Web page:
Waugh's observations written three decades earlier in 1938 mark crucial and dangerous parallels in 2006: "Barbarism is never finally defeated; given propitious circumstances, men and women who seem quite orderly will commit every conceivable atrocity. The danger does not come merely from habitual hooligans; we are all potential recruits for anarchy. Unremitting effort is needed to keep men living together at peace; there is only a margin of energy left over for experiment however beneficent."

A 25th anniversary for a small magazine dedicated to arts and ideas is a big moment in a cultural landscape ravaged by dumbed-down relativism and celebrity hijinks. With a small circulation of only 6,000 subscribers, the New Criterion is an oasis in the chaos of criticism that has afflicted the intellectual (so called) establishment since postmodernism became fashionable. It sees the task of preserving culture as yet another battle in the war for survival. The magazine and its editors are conservative in the sense that they want to conserve what's best in the written word, the artistic image, music, dance and theater. It's a reprise of the ancient attempt to understand the finest aspirations of humankind.

Such a magazine can be pompous and esoteric, intellectually arrogant and self-assured when it declaims what it likes (and doesn't like), but this one holds the line on making essential cultural judgments. These are true to Matthew Arnold's definition of the function of criticism, which is "to learn and propagate the best which has been known and thought in the world." Or as Goethe might put it: "To act is so easy; to think is so hard."

We must be vigilant in confronting the newest ideas just because they are untried and untested against evil and stupidity, the lowest of the common denominators of culture. We can't always see the enemy lurking in the ideologies that take over the minds of those who should know better. What the criticism in the New Criterion makes clear is that there is no absolute demarcation between political standards and aesthetic discipline. Sloppy thinking infects both the arts and governance, and high IQs and SAT scores are no guarantee against mediocrity and mendacity.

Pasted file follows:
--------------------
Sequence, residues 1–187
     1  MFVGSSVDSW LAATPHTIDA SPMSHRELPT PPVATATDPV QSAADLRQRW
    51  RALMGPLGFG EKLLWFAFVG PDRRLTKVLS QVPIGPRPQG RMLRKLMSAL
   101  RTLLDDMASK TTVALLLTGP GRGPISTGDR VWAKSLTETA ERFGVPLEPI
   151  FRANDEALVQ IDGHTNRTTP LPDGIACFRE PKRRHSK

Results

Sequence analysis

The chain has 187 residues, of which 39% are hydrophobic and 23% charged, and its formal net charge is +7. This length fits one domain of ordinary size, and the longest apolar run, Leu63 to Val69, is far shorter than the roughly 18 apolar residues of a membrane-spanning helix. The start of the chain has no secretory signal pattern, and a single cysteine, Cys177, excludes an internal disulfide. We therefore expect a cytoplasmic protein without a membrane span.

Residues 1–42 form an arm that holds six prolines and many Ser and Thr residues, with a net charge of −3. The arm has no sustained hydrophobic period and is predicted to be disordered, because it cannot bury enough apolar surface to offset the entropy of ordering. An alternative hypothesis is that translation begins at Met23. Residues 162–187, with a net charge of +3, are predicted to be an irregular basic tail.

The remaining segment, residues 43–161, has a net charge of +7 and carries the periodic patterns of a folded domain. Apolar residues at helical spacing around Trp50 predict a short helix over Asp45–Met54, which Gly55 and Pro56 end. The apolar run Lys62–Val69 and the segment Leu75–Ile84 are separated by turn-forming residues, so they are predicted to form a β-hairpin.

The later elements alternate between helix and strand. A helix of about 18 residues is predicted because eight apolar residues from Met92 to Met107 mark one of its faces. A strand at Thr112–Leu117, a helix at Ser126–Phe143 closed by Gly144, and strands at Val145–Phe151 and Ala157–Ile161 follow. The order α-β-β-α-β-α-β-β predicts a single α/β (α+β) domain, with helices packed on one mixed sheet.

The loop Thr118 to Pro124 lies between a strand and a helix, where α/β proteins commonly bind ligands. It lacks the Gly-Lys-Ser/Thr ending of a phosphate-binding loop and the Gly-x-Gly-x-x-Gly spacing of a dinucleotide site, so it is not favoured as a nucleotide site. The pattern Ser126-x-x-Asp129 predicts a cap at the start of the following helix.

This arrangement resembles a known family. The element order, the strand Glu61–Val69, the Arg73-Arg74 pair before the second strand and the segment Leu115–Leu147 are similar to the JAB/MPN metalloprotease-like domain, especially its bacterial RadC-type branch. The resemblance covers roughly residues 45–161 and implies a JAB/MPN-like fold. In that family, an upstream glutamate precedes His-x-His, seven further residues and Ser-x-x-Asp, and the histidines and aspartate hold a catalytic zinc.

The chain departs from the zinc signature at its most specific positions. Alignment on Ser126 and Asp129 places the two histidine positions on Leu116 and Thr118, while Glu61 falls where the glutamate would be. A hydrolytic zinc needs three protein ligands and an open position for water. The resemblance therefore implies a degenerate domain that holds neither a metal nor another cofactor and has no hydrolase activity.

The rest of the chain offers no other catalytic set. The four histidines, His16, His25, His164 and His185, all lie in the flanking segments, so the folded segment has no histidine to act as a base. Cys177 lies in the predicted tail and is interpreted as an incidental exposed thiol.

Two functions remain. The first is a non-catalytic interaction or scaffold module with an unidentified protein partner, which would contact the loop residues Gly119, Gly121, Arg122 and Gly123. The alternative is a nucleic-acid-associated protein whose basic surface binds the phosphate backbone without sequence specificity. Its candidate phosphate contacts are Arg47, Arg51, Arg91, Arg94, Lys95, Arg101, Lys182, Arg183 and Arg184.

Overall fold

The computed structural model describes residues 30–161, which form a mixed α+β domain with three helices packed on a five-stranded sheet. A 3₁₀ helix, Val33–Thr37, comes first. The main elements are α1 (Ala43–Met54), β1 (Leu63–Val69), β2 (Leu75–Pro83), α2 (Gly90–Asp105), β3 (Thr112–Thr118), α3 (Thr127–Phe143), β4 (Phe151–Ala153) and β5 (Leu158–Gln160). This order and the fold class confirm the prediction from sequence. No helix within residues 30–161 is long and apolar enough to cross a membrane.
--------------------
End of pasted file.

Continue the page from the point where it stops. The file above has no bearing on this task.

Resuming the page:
The cultural heroes of the intellectual left of recent years included Ho Chi Minh, Che Guevara and Chairman Mao, whose faces still adorn T-shirts on college campuses. Intellectual luminaries of the Cold War years, including Jean Paul Sartre, Bertolt Brecht, Simone de Beauvoir and Bertrand Russell, socialists all, don't seem quite so luminous today.

"Humankind cannot bear very much reality," wrote T.S. Eliot on founding the first Criterion magazine in 1922, the model and inspiration for the New Criterion, founded in 1982 by Hilton Kramer, who was then chief art critic of The New York Times, and music critic Samuel Lipman. The magazine was founded to confront the dangers inherent in the current academic debates, where issues of race, gender and class dominate aesthetic judgment.

The insidious assault on ideas that emanated from the leftward intellectual turns in the '60s marked the birth of the New Criterion, and this leftward intellectual turn continues as a target for essays: "In everything from the writing of textbooks to the reviewing of trade books, from the introduction of kitsch into the museums to the decline of literacy in the schools to the corruption of scholarly research, the effect on the life of culture has been on-going and catastrophic." The New Criterion has exposed the worst of times, but rescued and identified what's best in the creative culture. An anniversary to celebrate.

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© 2006, Creators Syndicate, Suzanne Fields